My father pledged and he said the things that they were made to do in the 90’s were far less as cruel as they are today. But I think that the whole hazing situation has taken a turn for the worse. When the term brothers, sisters, and families, are brought into the subject for fraternities and sororities. Yes siblings do mean and cruel things to each other but there’s a limit to what is being done and how far you let it go. Personally I believe if you place yourself in a situation you know when enough is enough and when to say no. If you know and your gut is telling you maybe this isn’t a good idea, then maybe you should just simply tell your “big brother/sister” no, and walk away from the situation. I honestly want to join a sorority but if I know a task they want me to do will harm me physically, or cause me to break the law then I’m going to opt out and say no. I agree with what Kirshana C. said. Rules should be followed but as for the hazing it shouldn’t get to the point where someone is placing their life on the line.

  7. Carter Bragg says:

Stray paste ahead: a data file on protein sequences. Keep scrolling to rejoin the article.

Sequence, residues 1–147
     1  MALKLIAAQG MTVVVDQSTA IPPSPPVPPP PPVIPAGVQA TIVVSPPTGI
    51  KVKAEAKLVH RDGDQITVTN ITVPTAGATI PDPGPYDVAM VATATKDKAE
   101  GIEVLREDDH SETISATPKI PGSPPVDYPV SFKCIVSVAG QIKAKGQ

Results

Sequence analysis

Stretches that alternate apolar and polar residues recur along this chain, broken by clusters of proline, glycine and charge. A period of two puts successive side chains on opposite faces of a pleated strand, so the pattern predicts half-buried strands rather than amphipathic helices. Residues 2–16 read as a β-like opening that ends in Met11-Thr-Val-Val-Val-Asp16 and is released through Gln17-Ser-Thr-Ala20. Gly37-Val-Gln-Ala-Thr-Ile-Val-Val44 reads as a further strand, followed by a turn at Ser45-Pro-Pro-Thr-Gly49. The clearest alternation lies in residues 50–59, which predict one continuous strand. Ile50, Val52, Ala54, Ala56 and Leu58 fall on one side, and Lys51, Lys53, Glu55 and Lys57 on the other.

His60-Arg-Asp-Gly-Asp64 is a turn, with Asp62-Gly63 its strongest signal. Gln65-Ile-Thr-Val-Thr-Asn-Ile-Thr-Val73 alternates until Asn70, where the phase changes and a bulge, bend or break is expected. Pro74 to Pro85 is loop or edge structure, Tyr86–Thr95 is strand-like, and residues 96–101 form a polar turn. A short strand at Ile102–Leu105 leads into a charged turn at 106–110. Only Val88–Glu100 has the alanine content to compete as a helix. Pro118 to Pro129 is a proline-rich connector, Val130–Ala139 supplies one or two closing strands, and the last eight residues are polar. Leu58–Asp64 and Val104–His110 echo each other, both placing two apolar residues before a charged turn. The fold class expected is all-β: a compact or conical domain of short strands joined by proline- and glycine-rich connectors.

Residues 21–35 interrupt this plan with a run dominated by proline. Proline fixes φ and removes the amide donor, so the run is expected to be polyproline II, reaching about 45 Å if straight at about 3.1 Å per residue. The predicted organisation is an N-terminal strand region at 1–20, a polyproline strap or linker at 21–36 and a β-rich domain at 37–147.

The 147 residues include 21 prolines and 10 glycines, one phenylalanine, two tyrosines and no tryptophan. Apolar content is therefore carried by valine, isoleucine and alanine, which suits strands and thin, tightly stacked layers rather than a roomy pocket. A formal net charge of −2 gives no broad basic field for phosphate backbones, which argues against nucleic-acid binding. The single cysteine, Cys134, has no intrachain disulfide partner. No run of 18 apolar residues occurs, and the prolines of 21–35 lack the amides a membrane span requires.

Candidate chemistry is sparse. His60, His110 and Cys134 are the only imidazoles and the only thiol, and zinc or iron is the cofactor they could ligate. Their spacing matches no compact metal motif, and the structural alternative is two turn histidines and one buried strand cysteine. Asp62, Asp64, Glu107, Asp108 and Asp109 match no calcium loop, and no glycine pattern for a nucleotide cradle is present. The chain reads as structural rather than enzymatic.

Not to sound crude, but I believe that the kids that are willing to do anything to be accepted need to look in the mirror and ask themselves why they want to be apart of something so badly. The kids are not physically being forced to do these things, they are falling under peer pressure. Though the ‘head brothers’ or whatever they may be called are in the wrong, I believe that people should know when to stand up for themselves and say enough is enough. I feel terrible for these young adults that have passed. I believe that the fraternities should be punished to the max. I just wish that those young adults knew their limitations and I guess to put it in very harsh terms, stood up for themselves.

  8. Amber G says:

    Yes, being in a sorority is a great title in some cases, but being hazed is totally not worth it. Some may think that you will do anything just so you can earn that “special title”. We should be able to join something without harassment or bullying.

  9. Christopher H says:

    Being in a Fraternity is a wonderful privilege. It has many benefits that most people who don’t have. Hazing to join a fraternity is dangerous and unnecessary. Abusing someone to let them join your brotherhood is very sad especially when that person dies.

  10. K. Denise S says: